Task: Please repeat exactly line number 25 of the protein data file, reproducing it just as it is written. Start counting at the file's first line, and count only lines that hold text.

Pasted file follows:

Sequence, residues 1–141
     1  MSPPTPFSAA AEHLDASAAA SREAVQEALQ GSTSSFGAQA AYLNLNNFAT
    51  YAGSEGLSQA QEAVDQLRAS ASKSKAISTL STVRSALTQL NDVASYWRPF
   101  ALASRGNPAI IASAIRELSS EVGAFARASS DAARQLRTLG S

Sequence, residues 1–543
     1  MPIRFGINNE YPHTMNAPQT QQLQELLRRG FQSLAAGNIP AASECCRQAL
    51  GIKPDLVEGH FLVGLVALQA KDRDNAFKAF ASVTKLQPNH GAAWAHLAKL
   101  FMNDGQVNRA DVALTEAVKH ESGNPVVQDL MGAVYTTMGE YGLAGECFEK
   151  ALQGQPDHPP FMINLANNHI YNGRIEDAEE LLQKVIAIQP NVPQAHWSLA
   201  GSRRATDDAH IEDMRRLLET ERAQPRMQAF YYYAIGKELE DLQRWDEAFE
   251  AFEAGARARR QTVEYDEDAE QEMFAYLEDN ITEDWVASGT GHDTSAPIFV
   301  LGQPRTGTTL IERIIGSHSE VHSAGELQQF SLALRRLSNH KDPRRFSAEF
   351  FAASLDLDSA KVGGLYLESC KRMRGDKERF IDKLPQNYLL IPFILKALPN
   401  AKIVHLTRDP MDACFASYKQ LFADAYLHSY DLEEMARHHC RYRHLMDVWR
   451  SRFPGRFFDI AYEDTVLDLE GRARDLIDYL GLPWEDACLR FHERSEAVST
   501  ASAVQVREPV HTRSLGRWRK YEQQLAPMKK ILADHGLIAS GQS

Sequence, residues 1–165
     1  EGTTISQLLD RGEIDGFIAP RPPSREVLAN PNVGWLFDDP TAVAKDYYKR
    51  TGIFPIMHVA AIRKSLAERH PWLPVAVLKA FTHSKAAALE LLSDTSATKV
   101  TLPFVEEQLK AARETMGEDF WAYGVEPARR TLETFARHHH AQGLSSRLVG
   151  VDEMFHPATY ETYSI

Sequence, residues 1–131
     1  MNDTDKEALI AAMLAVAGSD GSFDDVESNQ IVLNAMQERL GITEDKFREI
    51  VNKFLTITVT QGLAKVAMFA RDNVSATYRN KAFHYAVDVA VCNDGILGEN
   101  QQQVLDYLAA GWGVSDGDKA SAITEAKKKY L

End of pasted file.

   101  QQQVLDYLAA GWGVSDGDKA SAITEAKKKY L